Chicago Tribune

'I had to see my son be put in a body bag.' Mom shows 8th-graders the heartbreaking aftermath of heroin overdose.

FRANKFORT, Ill. - Alex White took his first steps at 10 months old.

Once he could walk, he ran. Once he could run, he climbed. The neighbors used to call his parents and say, "Did you know Al's on the roof again?"

"From the time he was little," his mom, Kim White, said, "I knew it would take every ounce of my being to keep this beautiful, high-spirited young man alive."

He was a hugger.

"Never a handshake, always a hug," his friend Austin Zenere said. Alex and Austin met in first grade. They played travel baseball together. "And it wasn't a quick hug. He made sure to hold it."

Alex wouldn't abide teasing.

Kids were harassing another boy on the school bus when Alex was in fourth grade - stealing his hat, passing it around. The boy's mom called Alex's mom that night to thank her. Alex had shut down the teasing and returned her son's hat.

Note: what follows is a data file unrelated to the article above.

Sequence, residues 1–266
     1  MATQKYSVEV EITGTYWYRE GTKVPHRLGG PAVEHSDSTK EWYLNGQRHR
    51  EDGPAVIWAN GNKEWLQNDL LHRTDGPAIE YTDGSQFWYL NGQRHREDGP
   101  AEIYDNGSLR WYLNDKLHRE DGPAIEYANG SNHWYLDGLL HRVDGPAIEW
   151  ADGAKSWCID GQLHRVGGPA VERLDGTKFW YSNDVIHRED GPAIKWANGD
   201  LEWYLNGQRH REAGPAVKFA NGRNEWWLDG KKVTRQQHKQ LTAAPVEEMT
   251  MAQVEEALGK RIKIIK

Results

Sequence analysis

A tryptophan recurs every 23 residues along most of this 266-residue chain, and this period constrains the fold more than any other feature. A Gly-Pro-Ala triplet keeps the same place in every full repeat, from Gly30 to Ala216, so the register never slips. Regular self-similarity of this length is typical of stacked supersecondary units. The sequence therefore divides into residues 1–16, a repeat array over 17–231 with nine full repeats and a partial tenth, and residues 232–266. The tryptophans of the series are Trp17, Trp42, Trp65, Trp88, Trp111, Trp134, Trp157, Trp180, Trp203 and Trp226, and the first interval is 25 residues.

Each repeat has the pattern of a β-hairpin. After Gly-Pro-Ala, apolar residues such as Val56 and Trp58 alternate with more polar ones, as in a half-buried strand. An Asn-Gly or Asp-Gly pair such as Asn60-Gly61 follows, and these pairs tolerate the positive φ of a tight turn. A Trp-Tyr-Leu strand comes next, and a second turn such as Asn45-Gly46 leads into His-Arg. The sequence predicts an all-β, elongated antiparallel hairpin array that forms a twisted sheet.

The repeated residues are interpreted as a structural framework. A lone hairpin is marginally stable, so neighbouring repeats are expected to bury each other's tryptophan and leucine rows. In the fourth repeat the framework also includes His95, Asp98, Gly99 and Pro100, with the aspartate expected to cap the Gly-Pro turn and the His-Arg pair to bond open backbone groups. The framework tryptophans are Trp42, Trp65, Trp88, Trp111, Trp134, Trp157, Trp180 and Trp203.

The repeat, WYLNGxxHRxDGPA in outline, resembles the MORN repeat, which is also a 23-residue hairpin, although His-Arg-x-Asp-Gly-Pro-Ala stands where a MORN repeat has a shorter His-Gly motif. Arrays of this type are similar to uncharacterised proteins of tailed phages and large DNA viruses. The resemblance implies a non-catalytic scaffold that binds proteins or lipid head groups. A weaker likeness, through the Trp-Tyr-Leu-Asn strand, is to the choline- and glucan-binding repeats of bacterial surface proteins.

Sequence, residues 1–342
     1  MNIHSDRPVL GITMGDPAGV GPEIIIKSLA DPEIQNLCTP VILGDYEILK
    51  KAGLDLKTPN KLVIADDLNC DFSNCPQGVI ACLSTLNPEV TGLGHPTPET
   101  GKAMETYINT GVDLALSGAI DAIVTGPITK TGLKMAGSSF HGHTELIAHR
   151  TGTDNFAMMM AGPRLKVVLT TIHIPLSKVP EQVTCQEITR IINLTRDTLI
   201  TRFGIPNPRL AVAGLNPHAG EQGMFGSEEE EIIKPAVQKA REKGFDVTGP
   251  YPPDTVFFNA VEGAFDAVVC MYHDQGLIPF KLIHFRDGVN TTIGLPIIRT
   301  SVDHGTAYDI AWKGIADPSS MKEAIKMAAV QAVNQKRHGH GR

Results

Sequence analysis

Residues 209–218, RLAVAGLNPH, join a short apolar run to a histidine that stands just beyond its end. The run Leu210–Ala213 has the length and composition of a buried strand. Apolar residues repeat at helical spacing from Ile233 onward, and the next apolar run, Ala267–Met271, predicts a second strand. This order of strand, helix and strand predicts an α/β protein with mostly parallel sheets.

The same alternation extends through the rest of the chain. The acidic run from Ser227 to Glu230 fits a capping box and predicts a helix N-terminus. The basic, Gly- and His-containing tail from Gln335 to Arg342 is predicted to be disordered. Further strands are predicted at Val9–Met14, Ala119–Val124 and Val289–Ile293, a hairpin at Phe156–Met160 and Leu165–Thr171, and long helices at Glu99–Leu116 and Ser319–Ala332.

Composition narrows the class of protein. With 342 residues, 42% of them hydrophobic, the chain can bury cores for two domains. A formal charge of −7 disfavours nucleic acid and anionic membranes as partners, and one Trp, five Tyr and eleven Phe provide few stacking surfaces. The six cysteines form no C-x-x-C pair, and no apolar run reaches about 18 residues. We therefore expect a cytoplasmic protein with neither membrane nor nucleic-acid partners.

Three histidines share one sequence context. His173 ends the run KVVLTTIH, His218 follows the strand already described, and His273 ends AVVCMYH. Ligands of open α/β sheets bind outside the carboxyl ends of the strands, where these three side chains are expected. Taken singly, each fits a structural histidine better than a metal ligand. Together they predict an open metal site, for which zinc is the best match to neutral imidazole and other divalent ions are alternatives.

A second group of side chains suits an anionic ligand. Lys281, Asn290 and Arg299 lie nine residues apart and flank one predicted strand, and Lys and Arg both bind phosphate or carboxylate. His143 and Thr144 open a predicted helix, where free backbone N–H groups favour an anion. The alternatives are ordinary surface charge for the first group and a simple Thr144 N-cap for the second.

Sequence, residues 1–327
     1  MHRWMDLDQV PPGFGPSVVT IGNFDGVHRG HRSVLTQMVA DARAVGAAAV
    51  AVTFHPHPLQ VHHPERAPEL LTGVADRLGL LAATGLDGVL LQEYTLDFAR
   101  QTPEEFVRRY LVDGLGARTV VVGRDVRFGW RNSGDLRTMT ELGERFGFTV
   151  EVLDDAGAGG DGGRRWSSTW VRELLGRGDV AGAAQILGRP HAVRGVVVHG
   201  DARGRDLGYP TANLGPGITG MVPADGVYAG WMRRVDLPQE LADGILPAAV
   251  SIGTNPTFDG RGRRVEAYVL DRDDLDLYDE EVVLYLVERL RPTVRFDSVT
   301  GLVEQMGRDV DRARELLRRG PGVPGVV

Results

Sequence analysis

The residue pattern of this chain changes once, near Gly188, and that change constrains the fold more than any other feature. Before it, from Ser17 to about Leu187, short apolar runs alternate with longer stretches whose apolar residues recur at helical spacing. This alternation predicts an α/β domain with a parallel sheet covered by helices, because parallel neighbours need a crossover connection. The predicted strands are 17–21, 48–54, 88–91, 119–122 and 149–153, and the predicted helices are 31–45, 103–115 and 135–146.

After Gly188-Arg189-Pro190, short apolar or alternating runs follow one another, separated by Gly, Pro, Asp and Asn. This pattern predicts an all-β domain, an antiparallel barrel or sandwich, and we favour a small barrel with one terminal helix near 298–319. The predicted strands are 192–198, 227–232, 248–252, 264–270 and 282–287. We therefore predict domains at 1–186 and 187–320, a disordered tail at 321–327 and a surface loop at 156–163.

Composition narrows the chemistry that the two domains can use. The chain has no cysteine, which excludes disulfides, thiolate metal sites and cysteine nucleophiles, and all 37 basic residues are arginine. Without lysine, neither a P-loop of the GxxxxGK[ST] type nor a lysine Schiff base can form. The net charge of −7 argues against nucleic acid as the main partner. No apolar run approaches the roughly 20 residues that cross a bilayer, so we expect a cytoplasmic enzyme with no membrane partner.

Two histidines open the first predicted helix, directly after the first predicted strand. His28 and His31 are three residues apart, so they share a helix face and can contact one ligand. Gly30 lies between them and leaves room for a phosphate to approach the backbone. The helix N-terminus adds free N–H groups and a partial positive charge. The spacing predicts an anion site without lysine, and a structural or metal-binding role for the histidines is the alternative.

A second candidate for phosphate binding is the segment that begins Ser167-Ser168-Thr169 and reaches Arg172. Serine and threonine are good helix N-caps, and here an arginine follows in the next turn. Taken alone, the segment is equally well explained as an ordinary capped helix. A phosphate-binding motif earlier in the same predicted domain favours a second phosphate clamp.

"He was the type of guy who 100 percent wouldn't do anything malicious," his friend Adam Meyers said. "He was never going to join in on poking fun."

He was loving.

Even in front of his football-playing, weight-lifting teenage friends, he always reminded his mom, "I love you." For her birthday one year, he wrote her a poem:

You've been at my side since I was small enough to hold.

I can see why you're never

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